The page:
'It's Not Fair That You Can't Teach': Fatemeh Anvari Removed From Classroom for Wearing Hijab

A community in Quebec, Canada was stunned this week when parents received a letter from Chelsea Elementary School alerting them that a teacher was being removed from the classroom.

The teacher, Fatemeh Anvari, said she was told she was no longer allowed to teach because she wore a hijab, CBC reported.

The move was made in accordance with Bill 21 which says that some civil servants in positions of authority are not allowed to wear religious symbols while at work—including teachers.

CBC reported that while the law will soon exempt English-language public schools, like Chelsea Elementary School where Anvari works, for now, the law still holds until all appeals to the bill have been heard.

In October, Newsweek reported about an incident involving a teacher accused of "forcibly" removing the hijab of a second-grade student in Maplewood, New Jersey. The incident was broadcasted on Facebook by Olympic fencer Ibtihaj Muhammad who was the first American Muslim woman to wear a hijab while competing at the Olympic Games and a Maplewood native.

In a letter sent out on December 3, parents learned that Anvari, or Ms. Fatemeh as she is known at school, would be moving to an "alternate role in the school." The letter, which was obtained by CBC, does not make clear the reason for Anvari's departure.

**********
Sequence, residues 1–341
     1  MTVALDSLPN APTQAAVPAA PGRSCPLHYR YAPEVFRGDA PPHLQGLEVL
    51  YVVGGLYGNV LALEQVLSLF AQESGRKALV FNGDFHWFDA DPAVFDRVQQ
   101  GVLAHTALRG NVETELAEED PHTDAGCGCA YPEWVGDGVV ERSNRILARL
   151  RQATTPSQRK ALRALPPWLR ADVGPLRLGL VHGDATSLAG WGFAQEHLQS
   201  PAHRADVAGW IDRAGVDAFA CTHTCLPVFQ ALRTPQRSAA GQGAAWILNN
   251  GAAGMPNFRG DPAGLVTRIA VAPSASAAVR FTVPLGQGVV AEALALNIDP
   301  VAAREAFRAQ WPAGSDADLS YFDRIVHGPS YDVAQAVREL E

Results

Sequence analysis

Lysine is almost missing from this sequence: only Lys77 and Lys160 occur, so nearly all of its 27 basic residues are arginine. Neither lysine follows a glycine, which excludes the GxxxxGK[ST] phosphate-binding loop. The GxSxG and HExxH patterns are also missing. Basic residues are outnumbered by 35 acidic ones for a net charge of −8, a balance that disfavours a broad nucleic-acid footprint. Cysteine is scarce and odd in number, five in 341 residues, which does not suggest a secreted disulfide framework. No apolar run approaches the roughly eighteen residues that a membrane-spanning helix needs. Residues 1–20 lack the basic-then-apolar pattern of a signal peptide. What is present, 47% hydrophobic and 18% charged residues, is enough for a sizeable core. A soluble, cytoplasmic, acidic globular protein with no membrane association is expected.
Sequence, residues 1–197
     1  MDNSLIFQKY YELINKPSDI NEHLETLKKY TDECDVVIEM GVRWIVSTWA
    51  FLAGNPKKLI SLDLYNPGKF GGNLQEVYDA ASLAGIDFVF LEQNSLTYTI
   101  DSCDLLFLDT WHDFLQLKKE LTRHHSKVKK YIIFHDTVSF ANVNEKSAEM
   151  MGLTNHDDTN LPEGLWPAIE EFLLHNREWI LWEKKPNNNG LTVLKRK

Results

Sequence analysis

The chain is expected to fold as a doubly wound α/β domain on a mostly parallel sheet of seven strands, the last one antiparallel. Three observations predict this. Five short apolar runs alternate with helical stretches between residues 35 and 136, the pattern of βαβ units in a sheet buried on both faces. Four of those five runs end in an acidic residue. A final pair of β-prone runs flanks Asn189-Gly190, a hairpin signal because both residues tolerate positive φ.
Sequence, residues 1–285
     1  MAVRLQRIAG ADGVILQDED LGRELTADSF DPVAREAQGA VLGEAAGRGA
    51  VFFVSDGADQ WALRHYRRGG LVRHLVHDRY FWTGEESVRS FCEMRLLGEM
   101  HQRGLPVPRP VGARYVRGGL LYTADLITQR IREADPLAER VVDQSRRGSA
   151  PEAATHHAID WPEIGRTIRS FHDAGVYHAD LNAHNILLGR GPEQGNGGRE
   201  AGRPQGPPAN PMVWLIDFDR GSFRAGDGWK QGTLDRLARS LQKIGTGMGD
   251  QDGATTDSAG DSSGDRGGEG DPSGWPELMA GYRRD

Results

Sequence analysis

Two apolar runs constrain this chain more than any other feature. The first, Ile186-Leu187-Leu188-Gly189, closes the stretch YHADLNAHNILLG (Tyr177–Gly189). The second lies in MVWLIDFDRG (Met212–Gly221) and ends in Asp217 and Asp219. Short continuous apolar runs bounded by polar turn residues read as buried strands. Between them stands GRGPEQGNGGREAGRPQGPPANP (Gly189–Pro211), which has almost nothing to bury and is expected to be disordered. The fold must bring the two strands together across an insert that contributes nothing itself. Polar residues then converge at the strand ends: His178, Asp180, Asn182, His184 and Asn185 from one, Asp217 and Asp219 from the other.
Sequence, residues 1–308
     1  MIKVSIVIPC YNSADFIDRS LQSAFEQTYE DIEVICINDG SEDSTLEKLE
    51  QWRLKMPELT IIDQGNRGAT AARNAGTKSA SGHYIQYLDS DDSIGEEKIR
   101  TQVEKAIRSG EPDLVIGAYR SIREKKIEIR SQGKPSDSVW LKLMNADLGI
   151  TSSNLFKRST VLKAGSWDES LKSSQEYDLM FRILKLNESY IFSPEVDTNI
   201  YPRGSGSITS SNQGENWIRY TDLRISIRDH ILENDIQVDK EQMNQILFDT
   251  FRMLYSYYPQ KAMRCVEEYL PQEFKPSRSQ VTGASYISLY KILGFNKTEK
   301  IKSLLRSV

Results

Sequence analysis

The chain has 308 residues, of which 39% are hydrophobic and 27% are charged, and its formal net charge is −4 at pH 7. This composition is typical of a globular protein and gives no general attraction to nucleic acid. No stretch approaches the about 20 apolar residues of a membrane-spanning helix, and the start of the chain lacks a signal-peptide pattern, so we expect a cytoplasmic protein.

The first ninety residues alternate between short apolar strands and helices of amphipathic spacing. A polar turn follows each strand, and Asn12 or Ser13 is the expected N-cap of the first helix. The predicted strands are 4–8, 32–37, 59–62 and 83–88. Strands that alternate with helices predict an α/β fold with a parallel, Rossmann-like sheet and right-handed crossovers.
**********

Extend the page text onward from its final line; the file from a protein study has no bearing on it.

Kirsten Taylor-Bosmon, a parent to a child in Anvari's class, told CBC that when she found out the reasoning she was shocked.

"It was just awful, really upsetting," she told the outlet. "These are not the values that we teach our children. So it's really hard to explain this to our kids."

Taylor-Bosmon shared a card with the outlet that her daughter wrote to Anvari after finding out she would no longer be her teacher.

empty classroom
A teacher in Quebec, Canada, was removed from a classroom in accordance with Bill 21 which says some civil servants in positions of authority are not allowed to wear religious symbols while at work. This stock image shows an empty classroom tiero/Getty Images

"[I]t's not fair that you cant teach?!," the young girl wrote. "I actually think your hijab is awesome!!!"

Conservative Leader Erin O'Toole commented on the situation Thursday saying that while he is personally against the law, he respects provincial autonomy.

"I don't agree with the secular tenets of Bill 21 but it is a question for Quebec to decide and I do think we have to make sure that everyone is respectful and respected in these discussions," he said, as reported by CTV.

CTV reported that Prime Minister Justin Trudeau has said he disagrees with the law though "hasn't gone so far as to call it discriminatory." Trudeau has not commented on the Fatemeh case.